amount of sunlight available. When the sun goes down by 5 p.m., it feels like we need to stay inside. But when the sun goes down closer to 9 p.m., it feels like we have a long evening where we can enjoy a walk in the neighborhood, a cookout, or watch the sun go down. And most people with much age on them have some arthritis. Warmth feels good to the body while cold accentuates pain, especially arthritis. I’ve joked with my patients that the news channels should call me for the
Art Factory Camp for children, March 12-16
Every year during spring break, the Lubbock Municipal Garden and Arts Center provides children ages 6-12 with the opportunity to attend a week-long Art Factory Camp. The camp is an awardwinning program involving activities that stimulate creativity and help young artists develop skills. The camp is March 12-16 and has three options: allday, morning, or afternoon.
All day is from 9 a.m. to 5 p.m.; mornings are 9 a.m. to 12:30 p.m.; and afternoons are 1:30 to 5 p.m. Price for the all-day is $100, and for the half day is $65. To sign up, call the center at 806-767-3724 or stop by 4215 University Ave. For more information, email pgriffith@mylubbock. us or visit the website at www.lubbockgac.org.
Some people can tolerate desk this week. That statistic pain better than others. Do is that 36% of Americans you know where you are on use prescription painkillers. that scale? People who can That isn’t Tylenol or Aspirin. “grin and bear it” when it We are talking prescription comes to pain, do not typi- painkillers. I wondered just cally reach for medication, how many of that 36% are whether it is over-the-coun- seniors? Why hurt when we can ter or prescription medicaweather report. I could call tion. keep from hurting? That, to my patients and ask, “How is Others tend to be on a me, is common sense. Howyour knee feeling?” or “How regimen of medication seem- ever, we do need to assess are your fingers feeling?” ing to fear pain so much they and re-assess on a regular I’m confident I could predict need to stop it before it starts. basis the need for the pain the weather based on my paAnd that brings me to medication. tient’s symptoms. the statistic that crossed my (See Pain Medication, Page 4) When our pain symptoms are the worst, usually during winter, pain medication might be needed. I do not like people being EXIT REALTY OF LUBBOCK in pain. Life is short, and we 2405 W. Loop 289 • Lubbock, TX 79407 Each Office is Independently Owned and Operated need to enjoy each day, each Cell: 806-759-8260 moment to the fullest. That Bus: 806-771-3900 Jeff Prather is hard to do when you are REALTOR Fax: 806-771-3948 www.ExitLubbock.com Jeff@ExitLubbock.com in pain. ®
EQUAL HOUSING OPPORTUNITY
Garrison Institute on Aging
“Time to Think About This...mmm”(tba) Dr. David Trotter Clinical Psychologist
Department of Psychology Texas Tech University Health Sciences Center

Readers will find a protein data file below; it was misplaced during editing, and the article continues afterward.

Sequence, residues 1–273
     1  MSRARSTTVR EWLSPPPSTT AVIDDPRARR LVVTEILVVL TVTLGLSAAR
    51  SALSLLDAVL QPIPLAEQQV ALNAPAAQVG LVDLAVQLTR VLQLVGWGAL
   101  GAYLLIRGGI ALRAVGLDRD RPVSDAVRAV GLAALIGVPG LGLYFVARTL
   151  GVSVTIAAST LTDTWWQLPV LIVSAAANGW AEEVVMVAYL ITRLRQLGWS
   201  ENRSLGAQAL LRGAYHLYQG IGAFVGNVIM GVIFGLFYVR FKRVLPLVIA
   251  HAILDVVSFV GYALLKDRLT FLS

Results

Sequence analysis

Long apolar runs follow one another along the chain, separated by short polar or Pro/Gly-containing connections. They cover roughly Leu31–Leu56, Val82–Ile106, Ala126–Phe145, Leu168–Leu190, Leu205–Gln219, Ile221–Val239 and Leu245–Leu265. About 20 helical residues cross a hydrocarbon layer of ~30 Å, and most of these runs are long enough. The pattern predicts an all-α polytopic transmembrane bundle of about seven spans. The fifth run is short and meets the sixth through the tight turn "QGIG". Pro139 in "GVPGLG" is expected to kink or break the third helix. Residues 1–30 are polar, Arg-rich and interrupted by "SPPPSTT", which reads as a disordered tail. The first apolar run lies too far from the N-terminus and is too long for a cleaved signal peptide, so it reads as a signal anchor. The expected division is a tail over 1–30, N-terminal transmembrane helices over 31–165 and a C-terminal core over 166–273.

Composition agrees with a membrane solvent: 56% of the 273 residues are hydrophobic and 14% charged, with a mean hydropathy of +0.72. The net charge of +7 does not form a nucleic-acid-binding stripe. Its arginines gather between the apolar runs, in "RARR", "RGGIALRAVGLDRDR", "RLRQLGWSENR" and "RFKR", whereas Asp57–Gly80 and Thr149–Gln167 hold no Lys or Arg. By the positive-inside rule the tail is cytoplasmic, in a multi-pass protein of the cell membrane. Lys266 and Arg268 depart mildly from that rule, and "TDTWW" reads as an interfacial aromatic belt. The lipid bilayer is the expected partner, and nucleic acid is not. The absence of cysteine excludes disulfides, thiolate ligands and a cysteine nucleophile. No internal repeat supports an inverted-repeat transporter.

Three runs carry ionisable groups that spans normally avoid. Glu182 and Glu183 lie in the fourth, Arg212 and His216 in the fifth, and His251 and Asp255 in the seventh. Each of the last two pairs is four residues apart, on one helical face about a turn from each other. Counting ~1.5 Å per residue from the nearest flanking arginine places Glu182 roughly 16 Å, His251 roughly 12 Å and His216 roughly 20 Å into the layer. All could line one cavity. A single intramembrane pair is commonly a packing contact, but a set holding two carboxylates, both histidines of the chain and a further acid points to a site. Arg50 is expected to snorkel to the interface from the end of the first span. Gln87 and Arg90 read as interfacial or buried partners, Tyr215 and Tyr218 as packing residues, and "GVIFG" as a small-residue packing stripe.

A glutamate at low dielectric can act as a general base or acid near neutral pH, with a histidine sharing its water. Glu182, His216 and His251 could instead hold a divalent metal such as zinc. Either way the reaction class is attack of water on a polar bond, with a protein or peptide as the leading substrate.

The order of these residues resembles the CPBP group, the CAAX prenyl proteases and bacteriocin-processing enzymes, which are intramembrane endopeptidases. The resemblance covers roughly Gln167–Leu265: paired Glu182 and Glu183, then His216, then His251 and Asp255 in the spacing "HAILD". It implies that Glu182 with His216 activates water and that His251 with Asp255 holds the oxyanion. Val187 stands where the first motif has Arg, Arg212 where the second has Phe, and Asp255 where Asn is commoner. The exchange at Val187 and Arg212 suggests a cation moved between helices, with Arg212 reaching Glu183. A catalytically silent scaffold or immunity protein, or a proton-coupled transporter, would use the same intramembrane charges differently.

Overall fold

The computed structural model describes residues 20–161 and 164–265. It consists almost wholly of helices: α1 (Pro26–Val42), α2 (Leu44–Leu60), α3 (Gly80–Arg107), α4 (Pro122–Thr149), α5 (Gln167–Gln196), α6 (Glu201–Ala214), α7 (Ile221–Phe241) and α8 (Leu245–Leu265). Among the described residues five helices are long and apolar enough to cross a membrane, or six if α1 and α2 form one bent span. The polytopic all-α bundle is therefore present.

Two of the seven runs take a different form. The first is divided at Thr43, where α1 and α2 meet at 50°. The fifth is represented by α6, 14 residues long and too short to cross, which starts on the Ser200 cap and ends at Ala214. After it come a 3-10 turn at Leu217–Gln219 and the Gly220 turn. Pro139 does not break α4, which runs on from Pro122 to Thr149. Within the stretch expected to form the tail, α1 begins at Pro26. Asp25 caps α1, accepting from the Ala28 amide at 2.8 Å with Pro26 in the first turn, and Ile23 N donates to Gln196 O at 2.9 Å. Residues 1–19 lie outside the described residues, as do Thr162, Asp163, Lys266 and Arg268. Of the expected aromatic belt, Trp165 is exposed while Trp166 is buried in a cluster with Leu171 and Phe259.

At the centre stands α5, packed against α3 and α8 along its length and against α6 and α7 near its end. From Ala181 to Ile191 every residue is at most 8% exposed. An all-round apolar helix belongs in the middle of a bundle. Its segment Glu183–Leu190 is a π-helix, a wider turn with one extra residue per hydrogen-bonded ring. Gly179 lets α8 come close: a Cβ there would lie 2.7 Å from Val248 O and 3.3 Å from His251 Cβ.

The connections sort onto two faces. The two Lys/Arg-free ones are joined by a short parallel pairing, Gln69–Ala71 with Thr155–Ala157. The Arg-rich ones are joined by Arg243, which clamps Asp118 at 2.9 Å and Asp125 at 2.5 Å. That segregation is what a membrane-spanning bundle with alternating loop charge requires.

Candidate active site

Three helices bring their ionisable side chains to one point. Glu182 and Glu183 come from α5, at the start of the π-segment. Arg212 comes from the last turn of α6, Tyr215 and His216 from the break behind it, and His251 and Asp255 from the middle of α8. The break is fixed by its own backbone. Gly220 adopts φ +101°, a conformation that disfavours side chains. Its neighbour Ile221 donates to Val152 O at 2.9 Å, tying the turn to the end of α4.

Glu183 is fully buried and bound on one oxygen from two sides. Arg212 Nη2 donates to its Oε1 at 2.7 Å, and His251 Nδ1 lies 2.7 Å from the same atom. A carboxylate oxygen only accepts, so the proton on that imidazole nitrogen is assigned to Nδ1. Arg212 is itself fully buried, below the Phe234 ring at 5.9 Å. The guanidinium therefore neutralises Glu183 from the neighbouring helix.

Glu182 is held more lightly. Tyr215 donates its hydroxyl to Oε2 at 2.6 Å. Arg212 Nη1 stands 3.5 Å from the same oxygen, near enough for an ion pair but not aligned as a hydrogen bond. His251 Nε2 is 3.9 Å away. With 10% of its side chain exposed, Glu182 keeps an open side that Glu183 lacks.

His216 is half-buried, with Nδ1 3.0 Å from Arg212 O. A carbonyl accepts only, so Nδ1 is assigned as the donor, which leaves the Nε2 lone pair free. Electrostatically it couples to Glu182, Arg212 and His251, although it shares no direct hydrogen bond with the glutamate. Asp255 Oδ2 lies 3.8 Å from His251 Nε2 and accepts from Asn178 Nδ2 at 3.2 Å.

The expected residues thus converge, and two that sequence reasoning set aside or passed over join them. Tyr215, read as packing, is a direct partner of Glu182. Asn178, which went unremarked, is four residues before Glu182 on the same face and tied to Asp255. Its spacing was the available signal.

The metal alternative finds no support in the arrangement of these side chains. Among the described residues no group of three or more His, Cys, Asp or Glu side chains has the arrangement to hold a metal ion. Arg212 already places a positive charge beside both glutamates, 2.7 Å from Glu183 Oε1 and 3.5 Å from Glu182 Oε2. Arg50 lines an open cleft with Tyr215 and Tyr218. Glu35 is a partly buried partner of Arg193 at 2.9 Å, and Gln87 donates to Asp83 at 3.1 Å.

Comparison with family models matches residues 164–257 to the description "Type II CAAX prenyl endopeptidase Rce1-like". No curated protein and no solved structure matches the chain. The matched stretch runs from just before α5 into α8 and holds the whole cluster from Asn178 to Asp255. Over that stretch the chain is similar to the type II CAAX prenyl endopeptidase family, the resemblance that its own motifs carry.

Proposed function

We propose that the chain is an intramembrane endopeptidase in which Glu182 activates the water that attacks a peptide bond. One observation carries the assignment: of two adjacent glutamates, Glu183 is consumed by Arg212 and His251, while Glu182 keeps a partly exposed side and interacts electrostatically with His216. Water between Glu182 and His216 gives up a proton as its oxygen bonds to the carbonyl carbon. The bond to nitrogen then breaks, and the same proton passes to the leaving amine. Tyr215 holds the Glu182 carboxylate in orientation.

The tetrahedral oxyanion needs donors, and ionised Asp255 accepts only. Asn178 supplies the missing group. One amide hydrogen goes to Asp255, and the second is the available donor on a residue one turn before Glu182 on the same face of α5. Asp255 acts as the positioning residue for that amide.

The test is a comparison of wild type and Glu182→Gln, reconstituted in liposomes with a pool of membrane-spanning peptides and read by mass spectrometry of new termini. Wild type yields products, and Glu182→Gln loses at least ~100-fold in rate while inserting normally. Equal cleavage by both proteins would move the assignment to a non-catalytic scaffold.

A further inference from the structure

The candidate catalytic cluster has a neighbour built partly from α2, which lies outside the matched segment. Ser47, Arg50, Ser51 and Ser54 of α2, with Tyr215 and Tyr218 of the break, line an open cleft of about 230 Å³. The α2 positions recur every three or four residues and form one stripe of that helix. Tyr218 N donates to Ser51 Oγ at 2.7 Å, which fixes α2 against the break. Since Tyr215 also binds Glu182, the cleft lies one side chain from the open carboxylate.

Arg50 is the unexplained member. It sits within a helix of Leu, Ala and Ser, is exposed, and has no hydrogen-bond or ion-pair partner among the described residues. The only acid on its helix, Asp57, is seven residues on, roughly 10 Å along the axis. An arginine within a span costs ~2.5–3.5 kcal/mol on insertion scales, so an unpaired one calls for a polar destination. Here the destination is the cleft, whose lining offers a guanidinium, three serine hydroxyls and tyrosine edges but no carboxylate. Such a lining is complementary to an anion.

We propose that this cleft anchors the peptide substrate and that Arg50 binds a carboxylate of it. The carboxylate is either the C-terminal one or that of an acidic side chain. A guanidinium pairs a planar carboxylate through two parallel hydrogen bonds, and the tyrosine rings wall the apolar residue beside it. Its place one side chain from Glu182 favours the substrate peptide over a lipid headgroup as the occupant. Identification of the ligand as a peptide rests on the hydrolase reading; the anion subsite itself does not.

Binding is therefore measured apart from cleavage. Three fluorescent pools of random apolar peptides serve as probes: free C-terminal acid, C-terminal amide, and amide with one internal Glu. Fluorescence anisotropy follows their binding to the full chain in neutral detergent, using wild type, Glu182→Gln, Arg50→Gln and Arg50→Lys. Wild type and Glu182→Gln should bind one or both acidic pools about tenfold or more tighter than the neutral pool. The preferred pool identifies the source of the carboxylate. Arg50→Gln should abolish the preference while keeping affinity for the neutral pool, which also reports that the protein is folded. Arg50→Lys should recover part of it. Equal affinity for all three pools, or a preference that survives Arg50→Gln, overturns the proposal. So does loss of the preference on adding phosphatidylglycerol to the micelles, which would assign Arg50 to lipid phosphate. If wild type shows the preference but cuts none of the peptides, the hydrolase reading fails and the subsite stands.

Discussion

Wednesday, March 28, 2018 3:00 - 4:00 p.m. Carillon Windsong 4002 16th St. *NOTE*: New Location Event is free and open to public. Snacks Provided. For details, call 806.743.7821 or visit www.ttuhsc.edu/aging
If you would like to be added or removed from mailing list, please call 806.743.1217.
Page 4 • March 2018 • Golden Gazette
‘Don’t Mess with Texas’ scholarship contest Pain medication re-evaluation Applications for the 2018 Don’t Mess with Texas Scholarship contest are now being accepted. To apply for the scholarship, visit dontmesswithtexas.org. Applications must be received by online submission or postmarked by 5 p.m. April 20. Eligible applicants include any Texas high school senior currently attending public, private or home school who plans to attend an accredited Texas college or university in the coming year. Presented in partnership
with Keep Texas Beautiful, the Don’t Mess with Texas Scholarship contest will award one $6,000 scholarship and two $2,000 scholarships in June. The scholarships recognize the achievements of high school seniors who take a leadership role in preventing litter in their schools and communities while working to build awareness for the Don’t Mess with Texas initiative. “We’re proud to offer the Don’t Mess with Texas Scholarship to support higher
education in Texas and recognize outstanding students,” said Becky Ozuna, program administrator for the Texas Department of Transportation’s campaign. The Don’t Mess with Texas program has been educating Texans about litter prevention since 1986. The program includes Adopt-aHighway and a grassroots partnership with Keep Texas Beautiful as well as the spring “Trash-Off” community outreach events, all in an effort to keep Texas roadways litter free.
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You might find you need more pain medication in the winter because it is cold and the abrupt weather changes often cause people to experience more pain. But then winter is left behind, and spring arrives. In our culture, we don’t tend to think about seasons as much as the eastern cultures. As each season comes, our body shifts. Changes occur. What you needed in winter, you might not need as spring arrives. Just look to our food. We
Downtown Bible Class Every Sunday
14th & Avenue O in downtown Lubbock
Calvin Gray, Teacher
This quarter we’ll be studying the book of Acts.
Ann Apple, Organist